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August 9, 2009

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Developing a taste for wine business

AS Hangzhou nudges its way up the rich list close to Shanghai and Beijing, its wealthy upper and middle classes are splurging on life's luxuries. Its markets for slick cars, high-end cosmetics and fashion accessories are emerging as some of the strongest in China.

And if the modest but highly successful Hangzhou developer Qian Zhifa has made the right judgment call, the spending trends of Zhejiang Province will extend to high-class imported wine. And in Qian's case, that means Australian wine.

Qian has become a wine merchant in his home city as a result of spending four years living in Melbourne where he learned the ropes about what is good and great Australian wine, knowledge he now applies from his downtown Yugu Road base in the high-rise Zhongtian Building that he developed and owns.

Here his Hangzhou Wine Center includes the middle-market Vineyard Cafe, a wine retail outlet, a custom-designed, temperature-controlled, 400-square-meter wine tasting room with state-of-the-art facilities, separate storage areas and a beer garden.

Qian, 55, does his own buying and focuses on five-star wineries as rated in Australian wine guides written by the country's leading experts James Halliday and Jeremy Oliver, their well-thumbed recent editions sitting at his left hand in a sparse, modestly furnished office.

So it is therefore no surprise that his stocks include Penfold's Grange Hermitage 2001-2003 (4,900-5,500 yuan/US$717-805), Henschke's Hill of Grace (5,000 yuan), Happs Cabernet Merlot 2004 (398 yuan) and Taylor Fergusson's Willbriggie Estate Botrytis Semillon 2002 (685 yuan).

He even carries stock from the small, limited release Yarra Valley vineyard Mount Mary for which he is the sole distributor on the Chinese mainland. The Quintet 2005 sells for 2,188 yuan which will gall devoted Australian fans of the product who can't get enough at home.

Qian's ambition is to be the biggest distributor for fine Australian wines, firstly for Zhejiang Province and then for the whole of China. He expects his business to grow 50 percent annually for the next 10 to 20 years. He will import 12 containers of Australian wine this year, each holding 1,250 cases, and next year will almost double the shipment to 20 containers.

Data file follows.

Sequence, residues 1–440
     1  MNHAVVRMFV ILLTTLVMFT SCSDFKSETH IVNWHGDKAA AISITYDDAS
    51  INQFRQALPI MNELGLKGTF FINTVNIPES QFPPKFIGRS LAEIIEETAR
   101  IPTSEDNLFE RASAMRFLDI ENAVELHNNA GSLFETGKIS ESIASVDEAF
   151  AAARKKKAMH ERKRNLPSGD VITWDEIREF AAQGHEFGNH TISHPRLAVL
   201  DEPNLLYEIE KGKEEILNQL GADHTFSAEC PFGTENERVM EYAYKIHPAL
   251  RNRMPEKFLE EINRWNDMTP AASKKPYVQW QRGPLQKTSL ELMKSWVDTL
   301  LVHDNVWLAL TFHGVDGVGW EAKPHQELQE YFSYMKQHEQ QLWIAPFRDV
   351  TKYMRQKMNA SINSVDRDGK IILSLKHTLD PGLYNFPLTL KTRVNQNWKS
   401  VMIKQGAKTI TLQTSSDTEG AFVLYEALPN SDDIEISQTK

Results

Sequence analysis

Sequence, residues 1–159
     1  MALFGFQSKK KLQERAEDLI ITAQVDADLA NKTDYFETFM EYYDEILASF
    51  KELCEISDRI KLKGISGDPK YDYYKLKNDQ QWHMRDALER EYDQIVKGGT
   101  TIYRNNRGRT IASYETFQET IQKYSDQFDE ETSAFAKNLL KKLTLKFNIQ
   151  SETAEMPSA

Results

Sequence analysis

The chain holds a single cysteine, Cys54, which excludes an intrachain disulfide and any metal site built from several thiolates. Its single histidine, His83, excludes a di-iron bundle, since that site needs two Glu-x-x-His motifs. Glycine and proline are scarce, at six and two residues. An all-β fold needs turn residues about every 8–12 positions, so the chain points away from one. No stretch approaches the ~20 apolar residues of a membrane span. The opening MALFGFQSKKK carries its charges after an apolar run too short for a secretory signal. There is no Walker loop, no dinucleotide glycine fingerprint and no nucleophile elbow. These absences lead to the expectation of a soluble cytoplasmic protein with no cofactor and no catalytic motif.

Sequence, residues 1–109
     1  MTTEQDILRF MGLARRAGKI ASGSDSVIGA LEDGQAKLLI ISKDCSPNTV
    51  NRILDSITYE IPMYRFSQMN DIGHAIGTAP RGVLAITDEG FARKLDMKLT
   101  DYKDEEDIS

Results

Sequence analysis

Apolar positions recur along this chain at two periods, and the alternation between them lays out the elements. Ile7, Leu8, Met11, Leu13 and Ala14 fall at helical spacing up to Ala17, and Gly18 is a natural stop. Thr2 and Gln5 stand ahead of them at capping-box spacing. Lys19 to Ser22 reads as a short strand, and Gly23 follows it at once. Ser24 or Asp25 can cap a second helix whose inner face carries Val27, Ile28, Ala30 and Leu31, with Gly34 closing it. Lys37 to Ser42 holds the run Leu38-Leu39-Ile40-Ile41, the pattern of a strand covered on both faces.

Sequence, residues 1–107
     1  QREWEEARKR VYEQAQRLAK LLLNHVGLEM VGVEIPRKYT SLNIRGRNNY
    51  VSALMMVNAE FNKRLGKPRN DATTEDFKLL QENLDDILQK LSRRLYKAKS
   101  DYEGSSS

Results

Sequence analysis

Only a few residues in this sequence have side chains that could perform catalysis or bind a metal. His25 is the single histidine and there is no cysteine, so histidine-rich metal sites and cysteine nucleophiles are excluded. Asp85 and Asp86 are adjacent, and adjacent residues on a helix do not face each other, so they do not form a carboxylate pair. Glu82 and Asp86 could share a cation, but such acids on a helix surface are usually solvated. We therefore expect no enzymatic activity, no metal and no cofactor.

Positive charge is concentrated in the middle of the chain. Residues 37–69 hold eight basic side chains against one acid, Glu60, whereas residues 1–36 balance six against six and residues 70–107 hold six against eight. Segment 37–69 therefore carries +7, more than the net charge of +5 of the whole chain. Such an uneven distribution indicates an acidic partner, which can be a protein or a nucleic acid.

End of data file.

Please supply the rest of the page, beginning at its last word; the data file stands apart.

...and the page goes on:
The wine center currently stocks 100 different wine brands which he will increase to 200 next year but his thirst is almost unquenchable as he continues to seek more boutique five-star Australian wineries to buy from.

Qian is under no illusion that the Chinese market is sophisticated about quality wines but tries to develop its understanding with regular Saturday afternoon tasting sessions for selected customers where signs are displayed explaining Australian wine styles and regions.

Buyers can start in the lower price ranges with Qian's specially bottled Manor Grove house wines from South Australia's Langhorne Creek °?°?-- the 2004 cabernet sauvignon for 128 yuan or the 2004 shiraz for 138 yuan -- before moving progressively up the list to more expensive products. He also offers lower priced products such as Lazy Lizard 2005 Shiraz (98 yuan) and his Mancini 2006 house white (102 yuan).

Qian focuses on Australian wines because he likes the taste and says it is very suitable for Chinese consumers. He said they prefer red wine and, of the grape varieties, they like shiraz the best.

"Australian wine is better than French for the China market because the French is too bitter for Chinese tastes," he said through an interpreter.

However, he is concerned that Australian wineries don't understand the China market and the biggest issue is they are reluctant to cooperate with him on market promotion.

"They have a lack of confidence in the China market and are more short-sighted than French producers," he said.

"They prefer to have one-off deals rather than long-term co-operation with a marketing plan over a number of years."

He believes the Australian Wine and Brandy Corporation should exercise more control over the quality of export wines -- some of which he said are inferior products sold at expensive prices -- because they will eventually destroy the reputation of Australian wines.

Qian does all the wine buying and understands the quality and competitive prices of Australian tipples in comparison to labels from France, Italy and the United States. He hopes that his Melbourne-based son will eventually take over the business.

In preparation for growth in the China wine market -- despite a 48 percent tariff on imported products -- Qian recently hosted a conference of distributors from provinces throughout the country to build up a network for future dissemination of his purchases from Australia.

He has registered the trademark name Shiraz in Chinese in recognition of consumers' preference for the style.

When not buying wines, Qian's other business pursuits include the boutique Tian Lun Hotel on the popular Shuguang Road. He recently demolished the property to rebuild it for a September re-opening with a more international focus.

In past years he developed and built the West Lake Stadium and donated it to the Hangzhou Government.

He said that now he's getting older he's focusing more on wine. "It's a relaxing business so that's why I like it," he said.

Although the China wine market is developing very rapidly, he said he has accepted that Australian producers operate very slowly so he is moderating his activity within the two speeds.


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